Deciding to have a baby is exciting yet the unfamiliar territory can be overwhelming too. It is beneficial to both you and your partner that you have an understanding around your birthing choices. Through the medical system once you connect with your health care provider to discuss your positive pregnancy test, it can become a process in automatic motion and sometimes, you may get caught up in this whirl-wide of appointments. Before you know it, you are being told what tests to attend and when, and which hospital you will be birthing at.
Before your birthing plan is unknowingly whisked away from you, take a moment to consider your birthing options in your state. In South Australia, you have the right to a range of birthing options and these include:
Most Australian women give birth in a public or private hospital maternity unit Whether you birth in a public hospital or a private hospital will be determined if you have private health insurance. If you are a private patient, your GP will often take the liberty of processing your pregnancy and delivery plans through the private system. However, knowing your rights and understanding research around birthing options, you can make an informed choice and conclude on the preferred option for you and your partner, based on your birth vision.
Just because you have private health, does not meant that you need to birth your baby in the private hospital under the care of a direct Obstetrician. There are benefits to birthing in a private hospital, such as being able to choose your own obstetrician who will follow your care through your pregnancy and birthing progress, having your own room and probable longer postpartum care at hospital. An Obstetrician will also have a deeper understanding of your medical history, your pregnancy health and any potential risks involved.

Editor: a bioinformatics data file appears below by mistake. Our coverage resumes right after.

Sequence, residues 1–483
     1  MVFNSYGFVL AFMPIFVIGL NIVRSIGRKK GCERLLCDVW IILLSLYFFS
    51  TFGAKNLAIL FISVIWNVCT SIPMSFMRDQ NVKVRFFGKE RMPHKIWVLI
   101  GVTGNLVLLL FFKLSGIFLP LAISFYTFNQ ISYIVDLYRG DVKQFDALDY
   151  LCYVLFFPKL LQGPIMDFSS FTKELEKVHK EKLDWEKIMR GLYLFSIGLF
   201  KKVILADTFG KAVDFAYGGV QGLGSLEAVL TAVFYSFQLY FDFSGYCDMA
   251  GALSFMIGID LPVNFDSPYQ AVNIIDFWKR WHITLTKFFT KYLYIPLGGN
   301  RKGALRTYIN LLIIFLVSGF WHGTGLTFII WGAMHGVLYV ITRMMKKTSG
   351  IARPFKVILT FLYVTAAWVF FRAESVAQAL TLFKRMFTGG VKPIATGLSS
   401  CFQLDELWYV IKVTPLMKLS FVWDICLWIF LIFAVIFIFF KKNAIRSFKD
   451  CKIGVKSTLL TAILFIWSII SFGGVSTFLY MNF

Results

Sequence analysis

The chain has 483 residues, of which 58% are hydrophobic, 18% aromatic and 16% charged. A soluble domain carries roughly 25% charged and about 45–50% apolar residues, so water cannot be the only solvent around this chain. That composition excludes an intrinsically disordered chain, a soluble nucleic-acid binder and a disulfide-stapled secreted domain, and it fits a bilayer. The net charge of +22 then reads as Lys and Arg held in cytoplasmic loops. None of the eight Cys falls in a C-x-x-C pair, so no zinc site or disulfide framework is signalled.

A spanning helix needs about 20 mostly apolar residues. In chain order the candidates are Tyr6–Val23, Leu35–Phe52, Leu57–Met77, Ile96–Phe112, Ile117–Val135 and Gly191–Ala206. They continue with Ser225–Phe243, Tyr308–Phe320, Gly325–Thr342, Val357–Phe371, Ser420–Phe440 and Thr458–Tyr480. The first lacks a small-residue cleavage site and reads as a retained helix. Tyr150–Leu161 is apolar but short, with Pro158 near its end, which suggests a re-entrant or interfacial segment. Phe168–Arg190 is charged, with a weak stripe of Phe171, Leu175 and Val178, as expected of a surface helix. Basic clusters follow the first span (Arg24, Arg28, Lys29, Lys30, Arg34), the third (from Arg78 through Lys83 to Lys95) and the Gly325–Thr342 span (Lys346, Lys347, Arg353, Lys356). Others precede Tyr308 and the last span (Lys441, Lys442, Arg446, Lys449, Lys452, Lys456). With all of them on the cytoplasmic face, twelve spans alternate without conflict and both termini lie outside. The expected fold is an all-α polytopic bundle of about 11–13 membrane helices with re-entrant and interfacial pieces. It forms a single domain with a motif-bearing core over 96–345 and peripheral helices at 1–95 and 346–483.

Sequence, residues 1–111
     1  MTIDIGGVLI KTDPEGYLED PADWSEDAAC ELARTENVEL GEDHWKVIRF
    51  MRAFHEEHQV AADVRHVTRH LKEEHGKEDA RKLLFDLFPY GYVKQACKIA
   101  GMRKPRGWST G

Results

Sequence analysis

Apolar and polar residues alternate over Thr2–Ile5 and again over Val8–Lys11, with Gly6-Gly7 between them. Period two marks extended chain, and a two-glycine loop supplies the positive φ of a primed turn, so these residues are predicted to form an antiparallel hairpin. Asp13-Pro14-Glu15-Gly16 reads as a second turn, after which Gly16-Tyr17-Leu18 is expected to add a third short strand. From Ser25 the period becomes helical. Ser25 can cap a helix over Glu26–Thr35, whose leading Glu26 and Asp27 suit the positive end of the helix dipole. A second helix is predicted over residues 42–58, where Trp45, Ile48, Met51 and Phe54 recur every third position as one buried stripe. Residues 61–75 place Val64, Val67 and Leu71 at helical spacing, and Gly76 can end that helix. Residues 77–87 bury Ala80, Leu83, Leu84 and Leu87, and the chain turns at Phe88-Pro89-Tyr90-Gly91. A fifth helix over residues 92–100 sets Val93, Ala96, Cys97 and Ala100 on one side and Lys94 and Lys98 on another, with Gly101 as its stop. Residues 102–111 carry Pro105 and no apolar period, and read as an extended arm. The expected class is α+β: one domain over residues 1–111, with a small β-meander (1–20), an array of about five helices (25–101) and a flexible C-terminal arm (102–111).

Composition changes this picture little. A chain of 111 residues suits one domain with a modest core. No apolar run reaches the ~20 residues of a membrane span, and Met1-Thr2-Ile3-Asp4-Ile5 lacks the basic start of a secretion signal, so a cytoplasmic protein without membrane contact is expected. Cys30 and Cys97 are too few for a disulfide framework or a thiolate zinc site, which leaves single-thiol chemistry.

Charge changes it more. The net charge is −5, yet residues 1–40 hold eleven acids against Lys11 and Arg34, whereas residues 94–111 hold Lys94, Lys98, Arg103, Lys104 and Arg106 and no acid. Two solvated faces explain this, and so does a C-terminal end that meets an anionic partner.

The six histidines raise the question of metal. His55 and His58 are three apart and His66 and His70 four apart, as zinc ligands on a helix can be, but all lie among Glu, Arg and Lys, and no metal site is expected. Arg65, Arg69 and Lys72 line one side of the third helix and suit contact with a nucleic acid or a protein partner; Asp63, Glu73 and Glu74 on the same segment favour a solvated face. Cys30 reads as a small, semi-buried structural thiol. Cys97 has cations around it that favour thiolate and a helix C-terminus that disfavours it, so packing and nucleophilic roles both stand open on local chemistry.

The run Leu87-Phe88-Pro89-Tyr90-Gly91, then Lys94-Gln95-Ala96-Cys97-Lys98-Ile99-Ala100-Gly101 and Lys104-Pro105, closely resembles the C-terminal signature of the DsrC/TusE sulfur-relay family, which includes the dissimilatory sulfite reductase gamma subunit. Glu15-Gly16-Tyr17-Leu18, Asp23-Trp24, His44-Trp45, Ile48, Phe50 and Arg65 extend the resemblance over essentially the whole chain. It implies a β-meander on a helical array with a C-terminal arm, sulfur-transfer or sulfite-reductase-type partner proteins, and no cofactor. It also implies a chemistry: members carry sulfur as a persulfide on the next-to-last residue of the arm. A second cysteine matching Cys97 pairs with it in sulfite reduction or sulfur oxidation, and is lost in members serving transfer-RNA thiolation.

Of note, Obstetricians are highly trained in the surgical procedures component or pregnancy, labour and birth and are not well educated or trained in normal physiological births. If you’re seeking a more natural birth, a private hospital birth may not be your best option.
Research show that across Australia,
“The rate of women giving birth by caesarean section, or C-section, has risen to 33% of births,” according to a report done in 208 by the Australian Institute of Health and Welfare’s (AIHW).”
Additionally, “Out of the 309,000 births covered in the report, 101,370 were C-sections. In New South Wales, the latest numbers are slightly higher at 33.8%, while Western Australia is much higher at 37.8%, according to each state’s respective health departments. Interestingly, the numbers for C-sections are higher in private hospitals compared to public hospitals”
Furthermore, according to the latest statistics, “29% of women in a public hospital give birth by caesarean and 43% of women in a private hospital have a caesarean section”
In South Australia, there are 5 private hospitals where you can opt to birth your baby, and these are:
Birthing at the private hospital will incur out of pocket expenses, so it can be useful for you to check your private health coverage, and what all your out of pockets costs will be if you do decide to birth at the private hospital. Even with private health cover, the costs of birthing privately can be quite significant.